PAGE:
Woman of Passion:Running a family business taught me what a finance degree could not

 Leah Kimotho, is the owner of Makeup Cloud, a Kenyan Hair business. PHOTO| POOL

What you need to know:

  • After graduation Leah Kimotho could not get a job despite her finance degree
  • Her father offered her a position in the family business, a hardware
  • The two years she worked with her father taught her everything she knows about running a business
  • The 28-year-old is today the owner of Makeup Cloud, a hair business

On Monday morning, 28-year-old Leah Kimotho invites me to a set where she is shooting videos and photographs for her business. As she wears a different colour of lipstick and then slips on a different wig, you can see her demeanor changing.

“Hair is a big part of every woman’s day. How her hair looks directly reflects on the mood she will carry that day,” Leah tells me later on.

Hair wigs, she tells me, literally changed her life. After high school about the time she was joining the University of Nairobi to study for her finance degree, she took to braiding her hair on a regular basis. Naturally, with time, this took a toll on her hairline.

“My hair line was gone and I began having so many bad hair days. I was barely out of my teens, friends were making fun of my hairline and my self-esteem plummeted,” she recalls.

To save face, she began wearing her mother’s wig. She looked good in it and soon, her classmates were complimenting her. So she had her mother buy her some pieces which she made part of her daily wardrobe.

“By the time I was graduating, people on campus called me Leah Wigs but I didn’t mind because my hairline had grown back and my confidence had come back,” she says.

Starting with the family business

Like many young Kenyans graduating from our universities today, Leah hoped that her finance degree would earn her a good job with an auditing firm. For a few months, she searched unsuccessfully. When no job was forthcoming, her father offered her a position in the family business, a hardware.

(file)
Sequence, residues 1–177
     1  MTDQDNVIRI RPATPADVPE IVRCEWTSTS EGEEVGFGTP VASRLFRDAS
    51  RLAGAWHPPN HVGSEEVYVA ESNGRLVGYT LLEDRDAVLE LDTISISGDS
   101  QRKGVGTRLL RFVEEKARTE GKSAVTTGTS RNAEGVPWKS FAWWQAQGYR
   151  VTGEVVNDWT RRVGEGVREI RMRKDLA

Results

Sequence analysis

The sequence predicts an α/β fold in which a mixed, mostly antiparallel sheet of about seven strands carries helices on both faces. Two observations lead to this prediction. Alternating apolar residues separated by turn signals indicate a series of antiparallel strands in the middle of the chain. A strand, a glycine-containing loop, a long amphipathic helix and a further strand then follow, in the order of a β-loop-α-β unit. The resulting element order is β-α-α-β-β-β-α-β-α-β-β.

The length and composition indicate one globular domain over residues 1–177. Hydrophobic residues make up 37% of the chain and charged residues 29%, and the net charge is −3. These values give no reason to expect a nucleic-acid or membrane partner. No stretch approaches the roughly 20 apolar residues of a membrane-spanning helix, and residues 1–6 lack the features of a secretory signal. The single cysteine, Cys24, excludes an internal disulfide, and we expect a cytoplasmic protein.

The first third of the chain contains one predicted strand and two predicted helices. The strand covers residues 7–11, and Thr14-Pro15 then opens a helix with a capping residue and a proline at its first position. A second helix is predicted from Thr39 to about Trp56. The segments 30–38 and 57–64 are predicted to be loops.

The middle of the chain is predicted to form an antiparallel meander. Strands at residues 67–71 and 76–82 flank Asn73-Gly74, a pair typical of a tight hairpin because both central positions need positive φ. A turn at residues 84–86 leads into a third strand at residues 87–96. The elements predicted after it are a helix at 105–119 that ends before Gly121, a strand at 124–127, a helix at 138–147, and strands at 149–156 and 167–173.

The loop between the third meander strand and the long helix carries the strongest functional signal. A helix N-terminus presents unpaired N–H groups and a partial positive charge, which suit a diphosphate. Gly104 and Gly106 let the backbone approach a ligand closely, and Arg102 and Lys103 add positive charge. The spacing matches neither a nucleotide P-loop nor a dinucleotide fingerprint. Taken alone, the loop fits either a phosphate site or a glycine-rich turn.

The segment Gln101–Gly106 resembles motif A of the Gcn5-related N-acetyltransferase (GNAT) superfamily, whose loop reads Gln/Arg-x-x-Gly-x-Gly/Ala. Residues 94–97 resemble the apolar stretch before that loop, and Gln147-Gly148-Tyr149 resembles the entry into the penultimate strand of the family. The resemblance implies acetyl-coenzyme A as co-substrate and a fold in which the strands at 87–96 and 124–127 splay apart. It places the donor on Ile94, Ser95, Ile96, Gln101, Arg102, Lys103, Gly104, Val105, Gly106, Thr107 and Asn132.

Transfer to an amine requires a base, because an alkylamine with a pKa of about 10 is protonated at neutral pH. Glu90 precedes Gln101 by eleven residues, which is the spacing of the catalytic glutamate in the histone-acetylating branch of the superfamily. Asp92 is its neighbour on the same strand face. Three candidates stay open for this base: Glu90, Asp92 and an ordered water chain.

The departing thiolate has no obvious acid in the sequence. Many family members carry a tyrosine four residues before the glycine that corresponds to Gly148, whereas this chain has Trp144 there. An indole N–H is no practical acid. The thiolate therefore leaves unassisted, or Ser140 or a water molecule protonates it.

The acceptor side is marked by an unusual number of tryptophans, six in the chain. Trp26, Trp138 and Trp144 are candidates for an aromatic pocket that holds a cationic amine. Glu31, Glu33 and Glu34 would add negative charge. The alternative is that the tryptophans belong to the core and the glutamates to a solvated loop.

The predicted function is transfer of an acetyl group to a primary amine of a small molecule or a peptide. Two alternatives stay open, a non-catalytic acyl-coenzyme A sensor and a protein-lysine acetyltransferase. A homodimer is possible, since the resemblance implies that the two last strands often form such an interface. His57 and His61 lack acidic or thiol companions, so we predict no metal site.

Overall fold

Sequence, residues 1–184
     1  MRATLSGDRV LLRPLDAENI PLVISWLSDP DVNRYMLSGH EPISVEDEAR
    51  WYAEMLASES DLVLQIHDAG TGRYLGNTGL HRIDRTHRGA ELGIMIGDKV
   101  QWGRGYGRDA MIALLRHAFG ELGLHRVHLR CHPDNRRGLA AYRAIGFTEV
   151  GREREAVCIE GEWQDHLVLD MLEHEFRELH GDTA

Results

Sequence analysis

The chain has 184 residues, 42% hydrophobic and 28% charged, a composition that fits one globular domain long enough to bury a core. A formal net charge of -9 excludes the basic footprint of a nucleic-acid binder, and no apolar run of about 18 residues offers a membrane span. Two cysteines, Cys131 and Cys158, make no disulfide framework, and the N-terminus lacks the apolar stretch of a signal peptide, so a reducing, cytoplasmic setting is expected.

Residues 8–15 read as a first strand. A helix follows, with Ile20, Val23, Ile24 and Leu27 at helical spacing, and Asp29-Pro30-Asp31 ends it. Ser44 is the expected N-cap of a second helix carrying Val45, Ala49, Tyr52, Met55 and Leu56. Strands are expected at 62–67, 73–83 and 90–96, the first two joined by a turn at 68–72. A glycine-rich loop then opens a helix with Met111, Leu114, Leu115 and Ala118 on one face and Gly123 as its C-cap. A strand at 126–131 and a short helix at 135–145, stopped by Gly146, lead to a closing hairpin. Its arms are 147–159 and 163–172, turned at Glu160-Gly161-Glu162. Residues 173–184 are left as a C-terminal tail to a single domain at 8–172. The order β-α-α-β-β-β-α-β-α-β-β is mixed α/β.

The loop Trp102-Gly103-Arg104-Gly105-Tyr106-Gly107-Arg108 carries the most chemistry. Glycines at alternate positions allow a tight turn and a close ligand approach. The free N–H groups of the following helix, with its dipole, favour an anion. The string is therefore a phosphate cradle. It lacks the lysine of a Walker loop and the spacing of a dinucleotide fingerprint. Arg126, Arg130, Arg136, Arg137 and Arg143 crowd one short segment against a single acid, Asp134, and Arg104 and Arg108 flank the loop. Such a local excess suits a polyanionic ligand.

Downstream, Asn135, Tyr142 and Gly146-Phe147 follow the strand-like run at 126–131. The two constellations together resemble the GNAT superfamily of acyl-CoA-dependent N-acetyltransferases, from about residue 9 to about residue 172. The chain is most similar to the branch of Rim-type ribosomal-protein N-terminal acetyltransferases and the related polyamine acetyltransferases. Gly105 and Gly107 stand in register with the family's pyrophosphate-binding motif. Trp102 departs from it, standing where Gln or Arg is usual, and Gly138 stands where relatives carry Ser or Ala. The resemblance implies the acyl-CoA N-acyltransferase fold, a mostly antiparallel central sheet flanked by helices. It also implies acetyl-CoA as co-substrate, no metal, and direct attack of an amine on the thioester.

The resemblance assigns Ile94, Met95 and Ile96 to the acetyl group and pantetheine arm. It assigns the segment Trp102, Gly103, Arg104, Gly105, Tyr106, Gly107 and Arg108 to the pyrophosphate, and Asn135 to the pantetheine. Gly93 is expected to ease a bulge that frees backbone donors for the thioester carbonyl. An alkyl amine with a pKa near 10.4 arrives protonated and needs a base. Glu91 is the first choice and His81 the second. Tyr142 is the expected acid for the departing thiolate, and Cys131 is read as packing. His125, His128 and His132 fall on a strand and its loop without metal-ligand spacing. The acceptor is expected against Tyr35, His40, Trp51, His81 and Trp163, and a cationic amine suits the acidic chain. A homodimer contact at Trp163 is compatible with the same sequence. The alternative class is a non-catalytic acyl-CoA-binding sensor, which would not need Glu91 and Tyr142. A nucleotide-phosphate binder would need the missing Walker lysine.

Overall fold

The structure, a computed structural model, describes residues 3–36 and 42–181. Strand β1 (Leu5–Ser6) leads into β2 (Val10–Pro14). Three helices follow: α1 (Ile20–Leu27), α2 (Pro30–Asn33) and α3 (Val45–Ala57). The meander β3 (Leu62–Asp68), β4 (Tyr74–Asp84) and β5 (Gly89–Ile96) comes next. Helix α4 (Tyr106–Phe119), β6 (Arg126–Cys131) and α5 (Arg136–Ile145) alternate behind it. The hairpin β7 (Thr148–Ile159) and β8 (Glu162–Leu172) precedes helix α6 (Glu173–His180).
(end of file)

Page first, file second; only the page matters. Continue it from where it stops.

“At first, selling building materials and car batteries seemed very far off from my dream. Unknowingly though, the two years I worked with my father taught me everything I know about running a business. Knowing what I know now, if I could go back in time, I would still take that job in the family business,” she says.

Here, she learnt how to negotiate with customers and haggle for good deals.  From her father, she learnt good customers service and how to keep buyers coming. Most importantly, she learnt how to manage a business.

Starting her own thing

With the salary the family business was paying her, Leah added onto her wig collection. Interestingly, around the time she began thinking about leaving to start her own business, she had more people walking up to her on the streets and at events to ask whether what she had on was a wig and where she got it from.

“That was how I began buying wigs for other people,” she recalls.

Three years later, today she owns a fully-fledged hair business stocking wigs and extensions. What sets her apart from the competition, she shares, is that her prices are competitive.

“The wigs and extensions vary in price from Sh4,000 to Sh20,000 depending on the length, style and whether or not it is human hair or semi-human hair,’ she says.

She imports all her hair but customises each wig according to client’s needs.

“My best days at work are when a client calls to tell me that because of my hair, she felt beautiful or confident on a day that was important to her. This means everything,” she says.

Her journey to owning a business has not been without its challenges. Her biggest one was earlier this year when Covid-19 struck and people retreated into their homes. This was a rough patch for her business. Then, slowly, new clients who could no longer go to their usual salon began reaching out looking to try a wig.

“Then businesses began closing and people began losing their jobs and a lot of clients could no longer pay for the wigs they desired. To meet them half-way we came up with a hire purchase option where a customer can reserve a wig and pay for it over a period of time,” she says.

Being in the hair business, there are days she will walk in the streets and see a woman making a hair mistake like wearing a wig and not laying her edges or not blending in the hair net to match her scalp tone.

“There is always room for improvement but the hair industry has grown these past two years. We know more about hair choices as well as hair care. I like where we are headed.”

Leah’s nuggets

  • The hair business is diverse. You will need to do extensive research before throwing your hat in the ring.
  • Financial management is a crucial part of the business. No matter how much you sell, if you can’t manage your finances, your business will not grow.
  • Be careful while delegating the management aspect of your small business. Not everyone you employ will have similar vision.
  • Don’t focus only on making money. Focus on business growth instead. Make your clients your friends.


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